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Re: Dot product (nx1).*(nxm)

From: Mike Miller
Subject: Re: Dot product (nx1).*(nxm)
Date: Sun, 5 Dec 1999 23:54:34 -0600 (CST)

On Sun, 5 Dec 1999, Joao Cardoso wrote:

> Mike Miller wrote:
> > octave:1> p=rand(100,1);
> > octave:2> q=ones(1,50);
> > octave:3> p2=p*q;
> > octave:4> t0=cputime; for i=1:1000, p2=p*q; end , cputime-t0
> > ans = 2.4600
> > octave:5> t0=cputime; for i=1:1000, p2=p(:,q); end , cputime-t0
> > ans = 2.0100
> As I never really understood the line 5 syntax, I always use the line
> 4 method -- I understand it.


I think it's pretty simple to understand.  If you want to select rows and
colums from a matrix A, you can give a vector of rows and a vector of
columns as follows:

A([1 3],[2 4])

That will return the first and third rows of A, but only the 2nd and 4th
columns of those rows.  You can repeat rows or columns if you like:

A(:,[2 2 2 4])

That will return the all rows of A (the colon ':' means 'all'), but it
will repeat the second column three times followed by the fourth column.  
There will be no other columns.  So, if we have a column vector 'p' and we
write this:

p(:,[1 1 1 1])

That yields a matrix containing only four copies of p in the four columns
of the matrix.  So, of course,


does the same thing with m copies of vector p.

Does that clarify the meaning of line 5 above?

MATLAB allows users to use a single index vector where the elements of the
vector correspond to individual elements of the matrix.  For an mxn
matrix, MATLAB numbers elements as follows:

1  m+1  2m+1  ...  (n-1)m+1
2  m+2   .    ...  (n-1)m+2
3  m+3   .
.   .                   .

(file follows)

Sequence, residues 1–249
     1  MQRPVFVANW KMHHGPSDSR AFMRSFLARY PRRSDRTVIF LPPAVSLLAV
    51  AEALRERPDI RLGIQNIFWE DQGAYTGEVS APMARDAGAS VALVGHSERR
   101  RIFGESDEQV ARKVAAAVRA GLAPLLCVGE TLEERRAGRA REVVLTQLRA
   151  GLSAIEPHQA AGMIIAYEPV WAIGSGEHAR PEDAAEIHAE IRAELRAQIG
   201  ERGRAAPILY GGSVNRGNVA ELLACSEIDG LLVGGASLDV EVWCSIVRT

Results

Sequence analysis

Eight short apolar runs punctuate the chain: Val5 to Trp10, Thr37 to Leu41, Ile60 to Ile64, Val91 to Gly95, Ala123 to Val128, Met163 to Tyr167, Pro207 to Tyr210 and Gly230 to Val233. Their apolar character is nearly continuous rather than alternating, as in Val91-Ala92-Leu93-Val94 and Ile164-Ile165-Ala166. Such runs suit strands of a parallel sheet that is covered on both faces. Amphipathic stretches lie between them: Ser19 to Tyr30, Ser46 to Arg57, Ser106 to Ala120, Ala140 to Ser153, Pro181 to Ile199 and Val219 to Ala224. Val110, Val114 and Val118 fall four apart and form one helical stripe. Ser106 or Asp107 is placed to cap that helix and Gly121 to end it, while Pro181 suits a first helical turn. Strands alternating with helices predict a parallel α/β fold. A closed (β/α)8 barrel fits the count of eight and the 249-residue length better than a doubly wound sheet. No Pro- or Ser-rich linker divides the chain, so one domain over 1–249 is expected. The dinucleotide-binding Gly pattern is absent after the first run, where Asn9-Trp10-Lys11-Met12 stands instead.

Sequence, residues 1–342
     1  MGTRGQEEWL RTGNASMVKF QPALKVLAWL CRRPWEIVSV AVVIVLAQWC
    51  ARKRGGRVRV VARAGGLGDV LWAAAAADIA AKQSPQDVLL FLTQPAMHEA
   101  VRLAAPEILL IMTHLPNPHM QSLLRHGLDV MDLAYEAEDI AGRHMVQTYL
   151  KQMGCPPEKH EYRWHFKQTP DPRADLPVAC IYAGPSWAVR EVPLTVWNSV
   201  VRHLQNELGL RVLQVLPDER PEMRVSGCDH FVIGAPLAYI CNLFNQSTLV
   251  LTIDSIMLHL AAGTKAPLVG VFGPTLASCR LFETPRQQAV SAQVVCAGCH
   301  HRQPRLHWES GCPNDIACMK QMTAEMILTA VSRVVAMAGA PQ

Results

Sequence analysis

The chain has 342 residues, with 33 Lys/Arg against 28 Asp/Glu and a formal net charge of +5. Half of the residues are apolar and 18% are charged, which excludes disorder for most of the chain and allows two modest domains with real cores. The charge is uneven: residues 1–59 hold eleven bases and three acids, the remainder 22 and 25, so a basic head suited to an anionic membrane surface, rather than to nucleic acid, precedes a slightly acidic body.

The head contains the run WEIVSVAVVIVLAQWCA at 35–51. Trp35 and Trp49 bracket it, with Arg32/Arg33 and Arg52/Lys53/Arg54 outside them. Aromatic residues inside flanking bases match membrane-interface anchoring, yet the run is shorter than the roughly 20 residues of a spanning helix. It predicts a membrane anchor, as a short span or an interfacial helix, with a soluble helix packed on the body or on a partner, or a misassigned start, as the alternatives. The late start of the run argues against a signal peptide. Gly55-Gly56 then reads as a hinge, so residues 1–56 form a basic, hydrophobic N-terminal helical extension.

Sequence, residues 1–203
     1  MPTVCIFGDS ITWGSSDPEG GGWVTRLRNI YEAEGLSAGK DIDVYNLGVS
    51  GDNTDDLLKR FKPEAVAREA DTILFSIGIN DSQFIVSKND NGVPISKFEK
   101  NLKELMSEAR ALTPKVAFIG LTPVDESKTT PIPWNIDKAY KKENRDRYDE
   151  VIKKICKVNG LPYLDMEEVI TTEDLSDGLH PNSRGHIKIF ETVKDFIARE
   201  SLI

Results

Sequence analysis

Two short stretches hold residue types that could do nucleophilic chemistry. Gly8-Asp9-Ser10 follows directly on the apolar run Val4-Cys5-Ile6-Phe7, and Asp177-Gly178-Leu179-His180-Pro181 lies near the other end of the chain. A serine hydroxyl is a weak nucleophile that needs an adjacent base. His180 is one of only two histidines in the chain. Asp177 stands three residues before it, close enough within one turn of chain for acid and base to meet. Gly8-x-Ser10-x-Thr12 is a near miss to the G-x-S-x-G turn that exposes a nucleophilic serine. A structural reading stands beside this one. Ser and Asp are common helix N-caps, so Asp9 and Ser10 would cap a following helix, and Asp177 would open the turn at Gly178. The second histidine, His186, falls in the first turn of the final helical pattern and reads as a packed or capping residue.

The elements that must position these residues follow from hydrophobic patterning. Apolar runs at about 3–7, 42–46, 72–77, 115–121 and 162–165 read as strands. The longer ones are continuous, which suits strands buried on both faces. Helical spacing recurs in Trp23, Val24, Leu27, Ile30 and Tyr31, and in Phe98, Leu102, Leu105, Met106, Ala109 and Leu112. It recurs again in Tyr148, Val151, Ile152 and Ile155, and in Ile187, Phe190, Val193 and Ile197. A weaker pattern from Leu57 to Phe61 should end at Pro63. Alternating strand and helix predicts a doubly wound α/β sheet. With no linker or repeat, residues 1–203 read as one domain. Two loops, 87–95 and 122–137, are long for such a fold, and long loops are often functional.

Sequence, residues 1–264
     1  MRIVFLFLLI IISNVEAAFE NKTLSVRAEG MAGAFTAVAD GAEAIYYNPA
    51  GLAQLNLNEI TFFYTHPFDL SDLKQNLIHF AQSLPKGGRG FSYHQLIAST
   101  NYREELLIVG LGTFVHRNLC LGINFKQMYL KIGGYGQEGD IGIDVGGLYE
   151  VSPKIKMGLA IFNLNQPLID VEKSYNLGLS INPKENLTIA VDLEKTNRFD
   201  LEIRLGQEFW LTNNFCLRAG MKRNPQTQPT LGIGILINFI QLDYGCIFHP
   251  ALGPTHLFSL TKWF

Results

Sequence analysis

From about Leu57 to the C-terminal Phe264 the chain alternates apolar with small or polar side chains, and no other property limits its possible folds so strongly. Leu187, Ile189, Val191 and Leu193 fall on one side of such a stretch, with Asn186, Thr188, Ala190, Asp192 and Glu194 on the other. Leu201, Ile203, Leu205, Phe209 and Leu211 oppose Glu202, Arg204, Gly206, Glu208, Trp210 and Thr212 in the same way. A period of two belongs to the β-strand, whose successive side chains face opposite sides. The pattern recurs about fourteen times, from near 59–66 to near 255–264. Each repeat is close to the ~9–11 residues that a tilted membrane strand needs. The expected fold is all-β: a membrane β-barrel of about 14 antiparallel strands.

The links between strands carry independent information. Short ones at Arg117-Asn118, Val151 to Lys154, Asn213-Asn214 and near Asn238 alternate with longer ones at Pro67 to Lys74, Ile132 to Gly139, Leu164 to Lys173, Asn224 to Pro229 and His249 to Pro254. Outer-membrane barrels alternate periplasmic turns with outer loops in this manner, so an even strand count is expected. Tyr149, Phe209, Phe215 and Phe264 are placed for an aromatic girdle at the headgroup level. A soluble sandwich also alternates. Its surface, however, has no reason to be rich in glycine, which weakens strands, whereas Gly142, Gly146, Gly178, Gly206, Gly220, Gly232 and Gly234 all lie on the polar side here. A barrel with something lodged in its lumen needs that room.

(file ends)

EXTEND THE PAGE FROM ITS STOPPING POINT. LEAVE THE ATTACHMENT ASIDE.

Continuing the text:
.   .                   .
.   .                   .
m  2m   3m  ....        nm


A([3 7 11 81])

would return a row vector with elements given by elements 3, 7, 11 and 81
of matrix A, and

A([3 7 11 81]')

would return a column vector of the same elements.  This functionality is
not available in Octave (at least not in 2.0.14).  But then we have the
following useful syntax,


which returns a column vector of all the elements of A ordered by their
element numbers (as in the matrix above).  The A(:) syntax *is* available
in Octave.

Is there a reason why we don't want the single index to be used in
Octave?  If not, it could be useful.  For example, it is often used with
the 'find' command.  In both Octave and MATLAB, the following command
returns the element numbers of elements of A that are less than .5:


So far so good, but in MATLAB you can get those elements out of the matrix
and into a column vector using this command:


That doesn't work in Octave.  Is there some other way that Octave can
extract those numbers from the matrix?  Is it as efficient?



Michael B. Miller
University of Missouri--Columbia

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